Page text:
Agreed Value vs Market Value Car Insurance
Renewing your car insurance can be tricky. One key question that people often ask is whether they should go for agreed value or the market value for their car insurance policy. It is helpful to understand the two terms and the differences between Agreed Value and Market Value:
Under an agreed value car insurance policy, you are agreeing the the value with your insurer when you take out your insurance policy. This agreed value won't change during the duration of your policy, which is typically 12 mths. The agreed amount is often reviewed at your renewal date of your policy. If you like certainty, then purchasing your car insurance with an agreed value can provide it. If your car is damaged beyond repair or stolen and not recovered, then your insurer should pay you the agreed amount. Agreed value amounts may differ between insurers, so it is worth considering this when purchasing your car insurance. Note: The agreed value amount that gets paid out by an insurer is typically less any outstanding premium payments, excesses or instalments that are owing.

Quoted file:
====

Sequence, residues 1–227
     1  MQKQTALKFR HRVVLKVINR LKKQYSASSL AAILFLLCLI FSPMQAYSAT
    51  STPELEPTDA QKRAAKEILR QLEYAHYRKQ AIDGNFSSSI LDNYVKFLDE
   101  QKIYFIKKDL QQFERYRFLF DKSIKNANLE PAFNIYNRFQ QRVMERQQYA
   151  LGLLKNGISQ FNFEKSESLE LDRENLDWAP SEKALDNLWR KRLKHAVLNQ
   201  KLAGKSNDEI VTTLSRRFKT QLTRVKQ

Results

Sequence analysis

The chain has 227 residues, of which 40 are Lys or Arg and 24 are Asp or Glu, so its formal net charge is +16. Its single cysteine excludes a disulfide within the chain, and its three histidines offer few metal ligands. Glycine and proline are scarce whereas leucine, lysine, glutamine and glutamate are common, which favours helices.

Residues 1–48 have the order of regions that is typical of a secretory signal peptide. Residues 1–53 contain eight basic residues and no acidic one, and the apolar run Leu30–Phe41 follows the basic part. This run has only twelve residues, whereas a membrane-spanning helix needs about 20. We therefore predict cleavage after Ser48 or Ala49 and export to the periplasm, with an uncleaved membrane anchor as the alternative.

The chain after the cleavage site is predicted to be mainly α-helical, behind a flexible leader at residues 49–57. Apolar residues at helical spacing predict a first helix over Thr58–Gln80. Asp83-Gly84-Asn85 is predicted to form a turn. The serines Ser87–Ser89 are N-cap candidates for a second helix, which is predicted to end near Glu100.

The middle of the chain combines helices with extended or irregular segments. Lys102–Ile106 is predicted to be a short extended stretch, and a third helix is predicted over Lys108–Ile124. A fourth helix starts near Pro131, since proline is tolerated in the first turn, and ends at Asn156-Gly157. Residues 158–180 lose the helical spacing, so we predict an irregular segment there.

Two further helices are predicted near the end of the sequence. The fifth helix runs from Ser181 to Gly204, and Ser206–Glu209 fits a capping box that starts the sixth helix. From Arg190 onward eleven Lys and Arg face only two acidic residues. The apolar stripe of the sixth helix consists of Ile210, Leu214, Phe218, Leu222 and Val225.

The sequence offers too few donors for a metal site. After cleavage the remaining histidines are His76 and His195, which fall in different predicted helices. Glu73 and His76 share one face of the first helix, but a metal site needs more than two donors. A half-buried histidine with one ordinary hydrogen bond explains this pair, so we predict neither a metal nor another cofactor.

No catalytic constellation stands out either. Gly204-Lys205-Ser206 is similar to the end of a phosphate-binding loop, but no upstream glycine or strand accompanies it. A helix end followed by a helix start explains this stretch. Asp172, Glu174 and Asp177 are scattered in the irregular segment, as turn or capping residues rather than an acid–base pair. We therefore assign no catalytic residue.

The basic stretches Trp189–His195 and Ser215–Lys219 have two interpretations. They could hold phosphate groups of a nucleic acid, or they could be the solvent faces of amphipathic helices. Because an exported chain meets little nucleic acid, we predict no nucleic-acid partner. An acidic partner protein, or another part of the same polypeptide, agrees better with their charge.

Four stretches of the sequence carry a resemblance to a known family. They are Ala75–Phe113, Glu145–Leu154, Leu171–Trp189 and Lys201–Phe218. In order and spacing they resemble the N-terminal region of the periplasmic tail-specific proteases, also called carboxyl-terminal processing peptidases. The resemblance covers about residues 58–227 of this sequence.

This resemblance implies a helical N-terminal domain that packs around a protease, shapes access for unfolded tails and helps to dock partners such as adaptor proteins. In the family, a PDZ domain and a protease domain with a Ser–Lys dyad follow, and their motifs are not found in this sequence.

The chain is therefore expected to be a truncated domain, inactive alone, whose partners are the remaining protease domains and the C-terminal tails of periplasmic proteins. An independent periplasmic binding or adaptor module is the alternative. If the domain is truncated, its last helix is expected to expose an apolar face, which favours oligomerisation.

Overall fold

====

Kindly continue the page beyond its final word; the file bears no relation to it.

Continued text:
Under a market value car insurance policy, the value of your car (and payout due) will be determined at the time of the claim. This means that your pay out from your insurer is decided at the time you make a claim. Again a payout may only occur if your car is written off, stolen and not recovered. The market value of cars can change during the time period in which your are insured. Typically most cars will see their market value decline over the years and even during year in which you are insured. The market value that an insurer will payout may or may not include such extra replacement costs such as transfer costs, dealer fees, excesses and stamp duty etc.
So where can you turn to help you make a decision? A starting point maybe to accessing some independent third party data to enable you to work out the potential replacement costs for your vehicle. Then once you have a handle on the potential replacement cost, then you can select car insurance with agreed value or market value to meet your needs. One source of third party data is Red Book, or alternatively, you could do some research on car classified sites such as Carsales or Drive. Can you remember what you usually choose? How did you make your decision?
Advisr does not provide advice and does not hold a financial service license (AFSL). All information above has been provided by Andy Jamieson.